The talk, not necessarily in this order, floated around the office as drama unfolded on a wet and snowy day.
“Why haven’t they used an AED yet? By the way, where’s ours? On this floor or first?”
“Shouldn’t someone be directing traffic?”
“I don’t like the looks of this. The ambulance isn’t moving; it’s not rushing away.”
“I mean, they’re giving CPR in the road and people are just driving by!”
“They just dragged her out of the car.”
“It’s snowing. The road is so wet. Couldn’t they at least…”
“Oh my God. We just watched someone die.”
It was a sobering experience. From our point of view, it happened quickly. From the victim’s point of view, it didn’t happen quickly enough. On an ordinary day at the office, we heard a siren that stopped nearby. This wasn’t enough to attract attention; sirens are not uncommon in the neighborhood. But then my coworker, one who actually has a window in her cubicle, called out, “Oh my God, there’s a body in the street!” Well, not a body – yet – but a person in need of help. The car was pulled over, the person laid out on the road, and a paramedic gave rapid chest compressions. We didn’t know if the victim was male or female; somehow, the feminine pronouns took over.
The fire truck with lights on was parked behind the patient’s car, but the opposite lane wasn’t blocked. Cars kept driving down the street, coming within a few feet of the action. The wet snow, almost a rain-snow mix, floated down on all involved in this surreal and tragic scene. The road was soaked, as were the sidewalk and the nearby strip of grass. No matter where they’d taken her, she’d have been soaked as they worked to revive her.
The ambulance pulled up with its EMTs and a stretcher and an AED. Too much ABC for you? Emergency Medical Technician and Automated External Defibrillator. Many public buildings now have AEDs, schools included. Updated CPR training often includes using an AED. My last training did.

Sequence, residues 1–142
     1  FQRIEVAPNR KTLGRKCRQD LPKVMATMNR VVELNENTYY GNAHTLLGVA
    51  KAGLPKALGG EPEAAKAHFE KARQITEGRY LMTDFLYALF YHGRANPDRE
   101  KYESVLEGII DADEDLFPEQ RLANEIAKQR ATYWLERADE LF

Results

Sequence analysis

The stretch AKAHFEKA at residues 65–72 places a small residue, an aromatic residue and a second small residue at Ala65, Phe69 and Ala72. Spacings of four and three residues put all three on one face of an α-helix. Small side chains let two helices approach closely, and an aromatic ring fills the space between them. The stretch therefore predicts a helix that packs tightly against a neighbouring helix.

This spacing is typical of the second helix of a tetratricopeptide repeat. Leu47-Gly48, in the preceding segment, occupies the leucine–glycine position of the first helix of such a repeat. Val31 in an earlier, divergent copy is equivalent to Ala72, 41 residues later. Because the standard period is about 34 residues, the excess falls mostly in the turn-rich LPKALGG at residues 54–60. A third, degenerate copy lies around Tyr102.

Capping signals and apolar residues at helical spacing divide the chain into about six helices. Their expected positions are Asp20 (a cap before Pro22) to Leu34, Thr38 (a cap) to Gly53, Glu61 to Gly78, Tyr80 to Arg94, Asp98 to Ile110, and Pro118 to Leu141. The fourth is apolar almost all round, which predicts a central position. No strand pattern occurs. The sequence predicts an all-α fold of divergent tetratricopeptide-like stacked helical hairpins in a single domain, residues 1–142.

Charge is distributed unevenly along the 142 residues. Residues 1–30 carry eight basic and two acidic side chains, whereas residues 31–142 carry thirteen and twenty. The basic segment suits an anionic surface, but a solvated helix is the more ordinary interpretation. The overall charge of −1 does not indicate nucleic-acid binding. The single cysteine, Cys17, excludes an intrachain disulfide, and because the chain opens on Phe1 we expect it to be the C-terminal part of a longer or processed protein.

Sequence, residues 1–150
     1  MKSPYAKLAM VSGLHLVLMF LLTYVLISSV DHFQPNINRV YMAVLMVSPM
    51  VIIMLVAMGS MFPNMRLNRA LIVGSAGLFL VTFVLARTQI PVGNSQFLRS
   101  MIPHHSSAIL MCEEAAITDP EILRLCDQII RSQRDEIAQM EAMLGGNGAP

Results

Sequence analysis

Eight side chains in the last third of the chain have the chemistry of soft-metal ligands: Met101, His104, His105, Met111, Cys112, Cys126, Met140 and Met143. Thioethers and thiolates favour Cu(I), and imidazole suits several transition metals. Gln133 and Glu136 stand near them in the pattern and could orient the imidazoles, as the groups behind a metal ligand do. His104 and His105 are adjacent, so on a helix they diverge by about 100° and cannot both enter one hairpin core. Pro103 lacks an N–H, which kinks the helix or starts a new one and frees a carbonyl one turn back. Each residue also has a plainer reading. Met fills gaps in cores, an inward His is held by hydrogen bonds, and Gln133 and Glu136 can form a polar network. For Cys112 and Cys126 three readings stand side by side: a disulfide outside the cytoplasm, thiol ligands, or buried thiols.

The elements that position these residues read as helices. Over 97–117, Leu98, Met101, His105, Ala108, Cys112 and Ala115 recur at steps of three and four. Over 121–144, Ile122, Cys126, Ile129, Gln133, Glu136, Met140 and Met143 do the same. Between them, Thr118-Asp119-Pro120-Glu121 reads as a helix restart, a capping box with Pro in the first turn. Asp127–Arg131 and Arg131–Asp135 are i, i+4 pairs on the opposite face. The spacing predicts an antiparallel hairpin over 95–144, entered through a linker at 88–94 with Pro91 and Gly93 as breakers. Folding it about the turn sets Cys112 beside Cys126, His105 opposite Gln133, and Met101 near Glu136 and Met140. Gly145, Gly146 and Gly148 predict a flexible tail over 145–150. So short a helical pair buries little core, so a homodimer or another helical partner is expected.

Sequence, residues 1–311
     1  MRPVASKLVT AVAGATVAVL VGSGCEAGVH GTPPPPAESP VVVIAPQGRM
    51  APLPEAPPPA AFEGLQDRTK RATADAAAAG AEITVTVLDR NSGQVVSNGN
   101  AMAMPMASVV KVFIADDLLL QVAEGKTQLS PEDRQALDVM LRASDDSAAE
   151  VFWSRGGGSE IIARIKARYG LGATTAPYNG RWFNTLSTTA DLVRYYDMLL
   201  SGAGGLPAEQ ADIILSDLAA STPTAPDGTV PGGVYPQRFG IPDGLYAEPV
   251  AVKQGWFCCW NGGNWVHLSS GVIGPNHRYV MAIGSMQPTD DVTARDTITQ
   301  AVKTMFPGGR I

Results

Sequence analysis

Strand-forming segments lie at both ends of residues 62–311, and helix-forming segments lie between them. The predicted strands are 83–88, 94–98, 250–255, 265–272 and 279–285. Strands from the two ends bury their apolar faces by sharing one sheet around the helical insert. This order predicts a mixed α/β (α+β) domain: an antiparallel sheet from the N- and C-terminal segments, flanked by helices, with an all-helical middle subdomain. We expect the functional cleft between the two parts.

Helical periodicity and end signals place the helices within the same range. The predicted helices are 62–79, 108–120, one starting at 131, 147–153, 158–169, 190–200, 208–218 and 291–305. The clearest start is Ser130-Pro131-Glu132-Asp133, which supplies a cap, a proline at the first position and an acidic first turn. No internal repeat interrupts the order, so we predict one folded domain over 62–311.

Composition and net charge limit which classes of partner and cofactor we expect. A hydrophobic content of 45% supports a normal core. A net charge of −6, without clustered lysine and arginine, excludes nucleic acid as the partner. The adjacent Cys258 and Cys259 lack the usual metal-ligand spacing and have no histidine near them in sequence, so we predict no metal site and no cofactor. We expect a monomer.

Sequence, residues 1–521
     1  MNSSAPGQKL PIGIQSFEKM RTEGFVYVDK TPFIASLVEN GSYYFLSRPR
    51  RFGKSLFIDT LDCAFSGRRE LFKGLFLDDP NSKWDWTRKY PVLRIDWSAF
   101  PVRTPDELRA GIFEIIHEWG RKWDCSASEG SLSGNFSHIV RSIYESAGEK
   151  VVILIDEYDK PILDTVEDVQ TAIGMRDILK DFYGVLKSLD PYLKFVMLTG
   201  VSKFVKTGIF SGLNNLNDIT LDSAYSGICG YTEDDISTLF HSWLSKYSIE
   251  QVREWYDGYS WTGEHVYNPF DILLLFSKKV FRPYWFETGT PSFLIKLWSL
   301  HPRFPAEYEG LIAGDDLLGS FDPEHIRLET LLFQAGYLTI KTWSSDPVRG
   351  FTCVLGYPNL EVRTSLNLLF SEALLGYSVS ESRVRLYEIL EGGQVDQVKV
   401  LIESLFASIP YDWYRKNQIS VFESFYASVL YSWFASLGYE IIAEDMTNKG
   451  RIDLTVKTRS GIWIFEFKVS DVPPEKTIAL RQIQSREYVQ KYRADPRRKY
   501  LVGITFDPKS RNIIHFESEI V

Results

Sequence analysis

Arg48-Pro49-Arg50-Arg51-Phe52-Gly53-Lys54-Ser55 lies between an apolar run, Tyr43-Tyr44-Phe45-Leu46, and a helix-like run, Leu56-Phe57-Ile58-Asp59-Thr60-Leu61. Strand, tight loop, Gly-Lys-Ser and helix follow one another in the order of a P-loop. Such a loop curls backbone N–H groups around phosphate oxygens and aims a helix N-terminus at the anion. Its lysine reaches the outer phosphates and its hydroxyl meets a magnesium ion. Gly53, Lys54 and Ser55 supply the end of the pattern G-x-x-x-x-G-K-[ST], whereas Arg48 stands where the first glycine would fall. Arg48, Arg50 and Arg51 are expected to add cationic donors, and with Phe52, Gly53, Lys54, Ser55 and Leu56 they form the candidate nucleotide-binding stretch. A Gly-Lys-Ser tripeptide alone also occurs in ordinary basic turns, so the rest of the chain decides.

Back to the drama. The ambulance pulled up. In less time than it takes to write it, the EMTs had their AED in hand and were on the ground getting it set up and attached to the patient’s chest. They lifted her (him? we would never know) onto the stretcher and backed off to let the AED do its shocking job. The patient was still getting shocked as the stretcher was lifted and rolled into the back of the ambulance.
And then the ambulance stood still. We did, too, horrified by the scene and yet unable to pull away. From the moment the fire truck rounded the corner with its siren on, we weren’t needed. The professionals were here. They would save this person. It’s what they do.
“I don’t like the looks of this.”
“It has to be a bad sign that they’re not rushing away.”
“They just went in the building to get the other people from the car.”
“How long do you think it was?”
“Long enough to realize she was sick, call 911, and get the paramedics on the scene.”
“Several minutes. Oh, my.”
And then: “Oh my God, we just watched someone die.”
It was a sobering thought. As we turned to practical workplace matters, our thoughts strayed to the person in the street. Who was with her? Were they friends? Did she leave close family behind? Did she know they were trying, trying hard to revive her and save her life?
What would we do in that situation? Could we pull over and call without panicking? How many of us knew CPR well enough to get it started? Where was the AED in our own building, and how many of us knew how to use it?
We still wondered why no one had arrived to direct traffic. After all, there was a space reserved for a police car in our own parking lot. It was common to have an officer or two nearby. By this time, though, traffic no longer mattered. The large emergency vehicles drove off slowly, lights no longer flashing. We imagined they moved sadly, as if the trucks themselves grieved for the death they had failed to prevent.